HW: Ongoing, ORP reading and work

3.7 & 3.8 R&J acting round 2. Practice, rehearsal, director's notes for designated character

HW: Line memorization

3.9 Final rehearsal for R&J presentation

HW: Line memorization for presentation on Monday


3.13 Romeo & Juliet Act III performances

HW: Vocab squares for Act III (all words) due Friday, 3.17

HW: Study for vocabulary quiz, Friday 3.17

3.14 Romeo & Juliet performances con.'t - independent work time on vocabulary squares or ORP *if time allows

3.15 Reading Act IV, scenes i, ii, iii (p.1018-1026). Students will be asked to demonstrate their understanding of a key idea, love vs. hate, evaluate and analyze the three scenes through the following three questions:

1. How does Paris' expression of love for Juliet compare to Romeo's expression of love when he first met Juliet? Cite evidence to support response (key idea, scene i)

2. By apologizing, Juliet regains her father's favor. Why do you think Capulet is so quickly convinced? (evaluate, scene ii)

3. What emotions for Juliet display when she overcomes her fear and drinks the potion? (analyze, scene iii)

3.16 Reading Act IV, scenes iv, v in small groups or independently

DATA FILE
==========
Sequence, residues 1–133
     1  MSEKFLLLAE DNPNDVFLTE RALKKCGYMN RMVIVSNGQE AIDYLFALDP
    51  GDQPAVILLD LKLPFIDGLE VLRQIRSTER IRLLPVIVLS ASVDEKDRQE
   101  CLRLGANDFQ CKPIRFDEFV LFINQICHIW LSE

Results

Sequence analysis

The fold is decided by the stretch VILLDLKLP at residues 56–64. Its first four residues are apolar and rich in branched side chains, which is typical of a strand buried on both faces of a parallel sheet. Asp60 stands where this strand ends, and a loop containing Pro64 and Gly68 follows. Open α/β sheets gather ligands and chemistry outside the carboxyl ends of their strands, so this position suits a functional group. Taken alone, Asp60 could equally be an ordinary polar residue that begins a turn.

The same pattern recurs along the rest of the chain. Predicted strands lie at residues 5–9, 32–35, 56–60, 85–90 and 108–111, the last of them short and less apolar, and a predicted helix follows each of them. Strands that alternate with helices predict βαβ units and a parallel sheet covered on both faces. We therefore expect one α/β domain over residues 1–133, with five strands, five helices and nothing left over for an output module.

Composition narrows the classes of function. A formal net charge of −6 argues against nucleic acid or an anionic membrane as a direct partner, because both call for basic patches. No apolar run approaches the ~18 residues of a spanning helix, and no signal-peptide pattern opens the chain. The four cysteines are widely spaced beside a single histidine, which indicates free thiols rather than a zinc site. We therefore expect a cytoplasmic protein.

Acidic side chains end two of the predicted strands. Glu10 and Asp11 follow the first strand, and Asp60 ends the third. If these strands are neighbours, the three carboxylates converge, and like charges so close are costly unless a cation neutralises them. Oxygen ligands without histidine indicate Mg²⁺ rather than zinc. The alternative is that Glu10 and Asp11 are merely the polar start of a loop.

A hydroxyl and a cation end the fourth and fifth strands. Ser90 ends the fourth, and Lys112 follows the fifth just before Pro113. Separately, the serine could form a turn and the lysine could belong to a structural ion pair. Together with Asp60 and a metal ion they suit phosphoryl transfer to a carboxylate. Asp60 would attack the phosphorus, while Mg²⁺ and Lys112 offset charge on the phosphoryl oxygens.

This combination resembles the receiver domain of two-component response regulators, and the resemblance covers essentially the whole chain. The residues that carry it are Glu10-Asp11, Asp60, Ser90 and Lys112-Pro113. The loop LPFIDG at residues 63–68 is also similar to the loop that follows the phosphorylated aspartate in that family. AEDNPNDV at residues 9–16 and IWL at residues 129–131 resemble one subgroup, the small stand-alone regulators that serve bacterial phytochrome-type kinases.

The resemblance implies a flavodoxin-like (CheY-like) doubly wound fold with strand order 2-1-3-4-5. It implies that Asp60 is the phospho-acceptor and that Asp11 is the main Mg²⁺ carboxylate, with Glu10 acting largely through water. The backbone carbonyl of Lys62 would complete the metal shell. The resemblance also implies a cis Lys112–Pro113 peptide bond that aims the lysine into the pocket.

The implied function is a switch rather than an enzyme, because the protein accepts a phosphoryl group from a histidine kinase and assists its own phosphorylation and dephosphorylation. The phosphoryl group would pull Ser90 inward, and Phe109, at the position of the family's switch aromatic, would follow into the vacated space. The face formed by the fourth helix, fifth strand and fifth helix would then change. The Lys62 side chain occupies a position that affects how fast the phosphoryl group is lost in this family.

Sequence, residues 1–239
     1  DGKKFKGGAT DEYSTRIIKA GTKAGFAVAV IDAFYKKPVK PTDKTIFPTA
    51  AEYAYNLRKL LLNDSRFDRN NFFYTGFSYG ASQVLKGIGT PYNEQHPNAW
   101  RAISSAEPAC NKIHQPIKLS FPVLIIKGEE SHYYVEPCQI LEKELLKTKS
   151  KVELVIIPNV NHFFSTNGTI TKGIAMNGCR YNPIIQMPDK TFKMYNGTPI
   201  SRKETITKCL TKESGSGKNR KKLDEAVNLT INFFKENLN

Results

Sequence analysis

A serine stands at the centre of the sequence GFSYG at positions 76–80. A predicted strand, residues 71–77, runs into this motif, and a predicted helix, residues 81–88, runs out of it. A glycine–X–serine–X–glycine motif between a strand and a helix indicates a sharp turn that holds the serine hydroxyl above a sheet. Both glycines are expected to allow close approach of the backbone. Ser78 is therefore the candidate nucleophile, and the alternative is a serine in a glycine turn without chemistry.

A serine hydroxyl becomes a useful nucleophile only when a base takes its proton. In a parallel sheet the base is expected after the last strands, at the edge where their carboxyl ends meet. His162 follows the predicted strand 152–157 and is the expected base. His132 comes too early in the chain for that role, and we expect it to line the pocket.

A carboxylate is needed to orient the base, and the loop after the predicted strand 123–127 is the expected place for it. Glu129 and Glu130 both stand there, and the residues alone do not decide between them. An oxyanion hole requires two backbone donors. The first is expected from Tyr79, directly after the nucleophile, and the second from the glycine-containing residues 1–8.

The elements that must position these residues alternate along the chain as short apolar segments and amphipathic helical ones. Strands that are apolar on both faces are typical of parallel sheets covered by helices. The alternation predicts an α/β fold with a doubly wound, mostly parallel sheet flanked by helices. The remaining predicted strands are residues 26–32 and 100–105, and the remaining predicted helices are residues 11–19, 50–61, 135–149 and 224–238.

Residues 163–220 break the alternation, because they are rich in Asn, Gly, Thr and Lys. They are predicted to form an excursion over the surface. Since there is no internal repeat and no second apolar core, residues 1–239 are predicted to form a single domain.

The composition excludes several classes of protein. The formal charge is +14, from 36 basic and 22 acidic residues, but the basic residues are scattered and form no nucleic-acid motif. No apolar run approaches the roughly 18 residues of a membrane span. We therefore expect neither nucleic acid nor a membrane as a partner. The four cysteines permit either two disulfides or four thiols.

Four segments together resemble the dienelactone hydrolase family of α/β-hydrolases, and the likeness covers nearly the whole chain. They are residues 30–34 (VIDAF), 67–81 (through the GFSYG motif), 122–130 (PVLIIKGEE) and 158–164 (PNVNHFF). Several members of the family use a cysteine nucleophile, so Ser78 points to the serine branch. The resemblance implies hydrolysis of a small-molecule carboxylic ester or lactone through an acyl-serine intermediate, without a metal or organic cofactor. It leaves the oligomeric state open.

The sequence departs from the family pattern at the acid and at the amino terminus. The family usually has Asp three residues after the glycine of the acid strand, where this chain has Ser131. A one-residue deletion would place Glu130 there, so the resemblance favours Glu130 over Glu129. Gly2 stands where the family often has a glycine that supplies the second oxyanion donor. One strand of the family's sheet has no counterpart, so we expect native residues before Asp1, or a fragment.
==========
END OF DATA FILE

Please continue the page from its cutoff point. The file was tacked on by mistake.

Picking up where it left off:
3.17 Vocabulary quiz.  SSR and/or ORP work

3.20 Watching Act IV on film (10 minutes).  Students will then begin their license plate activity.  Directions below:

Using no more than 7 total letters and/or number combinations, create a phrase related to Romeo & Juliet that reflects a key idea, theme, a relationship, significant plot development, etc.
For example: ‘R’ cannot represent the word Romeo
For example: ‘L’ cannot represent the word Love
A single letter cannot represent an entire word
Include the state from which the plate is from (i.e. CA, WA, FL)
Background image related to your phrase
Add color & be creative!
On the back, write one paragraph that explains your phrase and its significance to the themes of the play and/or the characters

HW: Finish license plate

HW: Vocabulary squares (all Act V words) due Thursday, 3.23

3.21 Reading Act V aloud as a class (p. 1035) and discussing the tragic end to this play about love and hate

3.22 ORP work time

3.23 Watching two version's of Romeo & Juliet (1968, 1997) to understand how two different directors or two different time periods interpret the play

HW: Study for vocab quiz, tomorrow

3.24 Vocabulary quiz & SSR/ORP work time

3.27 Finish film. ORP work

HW: Review R&J in preparation for content test tomorrow

HW: Begin to study Act I words and first half of Act II vocabulary words for future vocabulary quizzes

3.28 Final F&J Test

3.29 Introduce final acting activity

3.30 - 4.3 Working on final R&J skits and/or monologue - rewriting lines, rehearsing, blocking (writing notes on how character interacts with other characters), etc.

4.4 - 4.5 Final R&J skit presentations

4.17-4.20 Beginning initial research on various topics from the 1930s to better understand the time period in which To Kill A Mockingbird takes place

4.21 Presentations on 1930s research